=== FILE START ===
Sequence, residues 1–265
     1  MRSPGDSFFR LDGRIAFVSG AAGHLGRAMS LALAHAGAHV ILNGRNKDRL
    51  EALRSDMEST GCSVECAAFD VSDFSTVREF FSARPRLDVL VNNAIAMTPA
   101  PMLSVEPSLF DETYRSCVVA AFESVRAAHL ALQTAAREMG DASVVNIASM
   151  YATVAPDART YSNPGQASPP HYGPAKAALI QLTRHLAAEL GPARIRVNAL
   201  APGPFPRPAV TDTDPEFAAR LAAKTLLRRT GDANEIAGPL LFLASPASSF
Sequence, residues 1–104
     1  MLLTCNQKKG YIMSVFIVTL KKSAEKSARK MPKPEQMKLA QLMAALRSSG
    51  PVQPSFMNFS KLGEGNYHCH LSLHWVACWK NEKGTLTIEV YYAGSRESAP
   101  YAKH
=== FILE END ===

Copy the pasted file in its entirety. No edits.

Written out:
Sequence, residues 1–265
     1  MRSPGDSFFR LDGRIAFVSG AAGHLGRAMS LALAHAGAHV ILNGRNKDRL
    51  EALRSDMEST GCSVECAAFD VSDFSTVREF FSARPRLDVL VNNAIAMTPA
   101  PMLSVEPSLF DETYRSCVVA AFESVRAAHL ALQTAAREMG DASVVNIASM
   151  YATVAPDART YSNPGQASPP HYGPAKAALI QLTRHLAAEL GPARIRVNAL
   201  APGPFPRPAV TDTDPEFAAR LAAKTLLRRT GDANEIAGPL LFLASPASSF
Sequence, residues 1–104
     1  MLLTCNQKKG YIMSVFIVTL KKSAEKSARK MPKPEQMKLA QLMAALRSSG
    51  PVQPSFMNFS KLGEGNYHCH LSLHWVACWK NEKGTLTIEV YYAGSRESAP
   101  YAKH